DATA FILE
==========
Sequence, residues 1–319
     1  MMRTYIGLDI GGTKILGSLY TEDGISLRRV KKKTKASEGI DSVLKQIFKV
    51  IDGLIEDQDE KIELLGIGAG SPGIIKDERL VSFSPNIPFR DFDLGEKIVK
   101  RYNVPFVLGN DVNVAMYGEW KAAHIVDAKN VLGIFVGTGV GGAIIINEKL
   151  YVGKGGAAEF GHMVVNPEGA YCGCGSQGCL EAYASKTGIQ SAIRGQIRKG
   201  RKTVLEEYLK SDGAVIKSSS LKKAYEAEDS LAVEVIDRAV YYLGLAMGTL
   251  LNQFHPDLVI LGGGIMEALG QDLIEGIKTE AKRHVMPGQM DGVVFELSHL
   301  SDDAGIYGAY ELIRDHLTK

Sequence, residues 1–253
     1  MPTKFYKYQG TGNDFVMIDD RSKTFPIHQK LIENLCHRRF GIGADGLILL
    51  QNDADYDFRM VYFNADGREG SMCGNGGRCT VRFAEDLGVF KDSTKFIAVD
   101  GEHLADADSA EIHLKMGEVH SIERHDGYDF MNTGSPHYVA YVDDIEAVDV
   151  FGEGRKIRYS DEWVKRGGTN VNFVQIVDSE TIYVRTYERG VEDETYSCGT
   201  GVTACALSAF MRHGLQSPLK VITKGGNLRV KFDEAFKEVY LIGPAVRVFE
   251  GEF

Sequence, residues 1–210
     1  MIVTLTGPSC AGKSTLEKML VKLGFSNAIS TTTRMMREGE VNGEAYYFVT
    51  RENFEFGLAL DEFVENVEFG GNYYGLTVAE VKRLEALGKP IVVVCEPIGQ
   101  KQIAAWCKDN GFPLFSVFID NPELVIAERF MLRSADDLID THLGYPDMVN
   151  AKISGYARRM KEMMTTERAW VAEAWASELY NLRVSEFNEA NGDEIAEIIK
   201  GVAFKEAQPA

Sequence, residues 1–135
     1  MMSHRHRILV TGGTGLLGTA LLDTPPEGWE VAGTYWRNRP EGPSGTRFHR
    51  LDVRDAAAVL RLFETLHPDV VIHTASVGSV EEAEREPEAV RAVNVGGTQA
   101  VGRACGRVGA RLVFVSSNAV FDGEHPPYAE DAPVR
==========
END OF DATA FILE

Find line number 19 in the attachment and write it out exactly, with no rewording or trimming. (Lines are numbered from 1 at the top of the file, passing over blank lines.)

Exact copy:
   101  KQIAAWCKDN GFPLFSVFID NPELVIAERF MLRSADDLID THLGYPDMVN